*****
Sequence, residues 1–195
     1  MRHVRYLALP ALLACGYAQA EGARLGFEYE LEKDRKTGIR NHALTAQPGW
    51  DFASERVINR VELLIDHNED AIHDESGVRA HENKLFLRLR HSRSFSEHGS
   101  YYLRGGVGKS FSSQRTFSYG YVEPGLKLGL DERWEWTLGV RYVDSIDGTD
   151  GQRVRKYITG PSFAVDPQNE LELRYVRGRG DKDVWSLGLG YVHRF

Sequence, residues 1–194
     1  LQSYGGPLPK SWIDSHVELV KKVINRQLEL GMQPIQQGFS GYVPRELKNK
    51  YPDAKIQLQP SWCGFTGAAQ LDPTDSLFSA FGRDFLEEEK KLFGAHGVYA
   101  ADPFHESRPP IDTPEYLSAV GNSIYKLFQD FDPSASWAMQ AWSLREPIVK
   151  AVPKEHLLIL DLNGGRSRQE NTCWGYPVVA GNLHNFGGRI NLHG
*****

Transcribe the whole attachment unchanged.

Sequence, residues 1–195
     1  MRHVRYLALP ALLACGYAQA EGARLGFEYE LEKDRKTGIR NHALTAQPGW
    51  DFASERVINR VELLIDHNED AIHDESGVRA HENKLFLRLR HSRSFSEHGS
   101  YYLRGGVGKS FSSQRTFSYG YVEPGLKLGL DERWEWTLGV RYVDSIDGTD
   151  GQRVRKYITG PSFAVDPQNE LELRYVRGRG DKDVWSLGLG YVHRF

Sequence, residues 1–194
     1  LQSYGGPLPK SWIDSHVELV KKVINRQLEL GMQPIQQGFS GYVPRELKNK
    51  YPDAKIQLQP SWCGFTGAAQ LDPTDSLFSA FGRDFLEEEK KLFGAHGVYA
   101  ADPFHESRPP IDTPEYLSAV GNSIYKLFQD FDPSASWAMQ AWSLREPIVK
   151  AVPKEHLLIL DLNGGRSRQE NTCWGYPVVA GNLHNFGGRI NLHG